A. Pino Vázquez1, H. González García1, M.B. Coco Martín2, R. Cuadrado Asensio2, A. Mayo Iscar3, E. Urbaneja Rodríguez1, A. López Miguel2, C. Villa Francisco1, M.J. Maldonado López2, C. Medina Pérez4

1University of Valladolid (SPAIN)
2IOBA/University of Valladolid (SPAIN)
3Statistics and operational research/University of Valladolid (SPAIN)
4IBIOMED/University of Leon (SPAIN)
The accumulation of knowledge, likewise the acquisition of skills, are continuous processes and indefinite in time. Health education requires a corporation not only of knowledge, but also skills, attitudes and values needed to become a future prepared professional. The development of skills in the area of health sciences are composed of a complex educational process where suitable strategies for a comprehensive assessment of the skills to be acquired. However, traditionally, this assessment is based on the measurement of knowledge through the application of various types of tests: multiple choice questions and short questions, that not always are idoneous having into account the criteria of objectivity, validity and reliability . This situation has led to the urgent need to develop new educational and evaluation methods, to assess clinical competencies.

Objective Structured Clinical Examination (OSCE) is a test designed to assess clinical skills. The value to change this assessment is to reflect the importance of learning that takes place and that is necessary and not just what students know for the final evaluation. The power of this test lies in the mixture of assessment methods: it is able to explore three of the four levels of the Miller pyramid: knowledge, know how and show how. The OSCE consists of a circuit of stations that allow the teacher to observe the student interaction with patients, to certify their clinical skills, thinking skills, problem solving skills, integrating diagnosis and communication and interpersonal skills, a comprehensive assessment which requires any professional.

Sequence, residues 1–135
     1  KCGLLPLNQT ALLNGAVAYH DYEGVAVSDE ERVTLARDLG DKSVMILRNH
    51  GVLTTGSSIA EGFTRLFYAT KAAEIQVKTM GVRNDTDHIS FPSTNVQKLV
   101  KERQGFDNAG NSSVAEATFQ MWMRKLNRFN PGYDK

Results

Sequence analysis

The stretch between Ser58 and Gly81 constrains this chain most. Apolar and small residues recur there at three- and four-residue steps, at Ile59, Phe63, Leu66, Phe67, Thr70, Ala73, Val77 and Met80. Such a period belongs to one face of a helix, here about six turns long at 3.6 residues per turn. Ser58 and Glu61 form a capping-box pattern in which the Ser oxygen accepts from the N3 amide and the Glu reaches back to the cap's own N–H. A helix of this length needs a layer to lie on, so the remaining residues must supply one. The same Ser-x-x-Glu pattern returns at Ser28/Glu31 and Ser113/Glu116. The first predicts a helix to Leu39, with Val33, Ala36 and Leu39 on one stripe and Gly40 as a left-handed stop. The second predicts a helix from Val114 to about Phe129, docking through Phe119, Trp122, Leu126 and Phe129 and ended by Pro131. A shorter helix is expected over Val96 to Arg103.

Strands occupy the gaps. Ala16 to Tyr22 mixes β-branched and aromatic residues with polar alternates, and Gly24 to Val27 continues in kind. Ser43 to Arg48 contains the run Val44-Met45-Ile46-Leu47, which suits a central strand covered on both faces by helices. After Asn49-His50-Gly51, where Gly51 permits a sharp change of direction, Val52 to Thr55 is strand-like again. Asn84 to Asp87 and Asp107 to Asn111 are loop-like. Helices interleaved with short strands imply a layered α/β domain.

Purpose: To compare the results obtained by students in 6th of Medicine with different assessment methods: Traditional: test and short questions, and OSCE.

Material and Methods:
We analyzed the results obtained by 139 students in the 6th year of the Faculty of Medicine of Valladolid in the subject of Pediatrics, after a traditional exam in the course of Pediatrics (with classical methodology of teaching and assessment) and after evaluation with OSCE in the subject "Revolving Practical Pediatrics". The latter was used for the first time as a program of educational innovation (rotary structured clinical, practical content in a virtual classroom, seminars, simulation and evaluation of skills by OSCE). We calculated the coefficient of intraclass correlation coefficient (ICC) to measure the agreement in the results of the two tests.

The ICC for agreement between the two tests was 0.24. Even the most generous of the analysis in these assessments, Pearson correlation coefficient was at a very low level, 0.34. This level of agreement could be considered irrelevant when we are comparing the values in two tests that should (theoretically) give the same results.

We did not find a strong relationship between the final marks obtained on the traditional teaching and the final marks of the competence assessment following a teaching innovation program based on the acquisition of skills.

Therefore the traditional examination skills assessment after a teaching innovation program based on the acquisition of skills are different tests whose results appear to be different.